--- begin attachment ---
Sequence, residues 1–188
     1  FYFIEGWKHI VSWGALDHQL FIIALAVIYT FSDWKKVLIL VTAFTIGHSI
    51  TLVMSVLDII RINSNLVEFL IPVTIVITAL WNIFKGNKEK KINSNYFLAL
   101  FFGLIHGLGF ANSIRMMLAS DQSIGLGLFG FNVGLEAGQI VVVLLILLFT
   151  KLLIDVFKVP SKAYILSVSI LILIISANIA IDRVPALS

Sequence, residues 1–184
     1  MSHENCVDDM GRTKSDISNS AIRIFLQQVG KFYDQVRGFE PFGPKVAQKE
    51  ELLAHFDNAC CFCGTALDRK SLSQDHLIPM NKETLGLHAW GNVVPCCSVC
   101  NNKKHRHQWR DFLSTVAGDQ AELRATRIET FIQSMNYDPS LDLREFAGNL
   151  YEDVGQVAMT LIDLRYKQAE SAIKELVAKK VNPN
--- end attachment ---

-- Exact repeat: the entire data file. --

Sequence, residues 1–188
     1  FYFIEGWKHI VSWGALDHQL FIIALAVIYT FSDWKKVLIL VTAFTIGHSI
    51  TLVMSVLDII RINSNLVEFL IPVTIVITAL WNIFKGNKEK KINSNYFLAL
   101  FFGLIHGLGF ANSIRMMLAS DQSIGLGLFG FNVGLEAGQI VVVLLILLFT
   151  KLLIDVFKVP SKAYILSVSI LILIISANIA IDRVPALS

Sequence, residues 1–184
     1  MSHENCVDDM GRTKSDISNS AIRIFLQQVG KFYDQVRGFE PFGPKVAQKE
    51  ELLAHFDNAC CFCGTALDRK SLSQDHLIPM NKETLGLHAW GNVVPCCSVC
   101  NNKKHRHQWR DFLSTVAGDQ AELRATRIET FIQSMNYDPS LDLREFAGNL
   151  YEDVGQVAMT LIDLRYKQAE SAIKELVAKK VNPN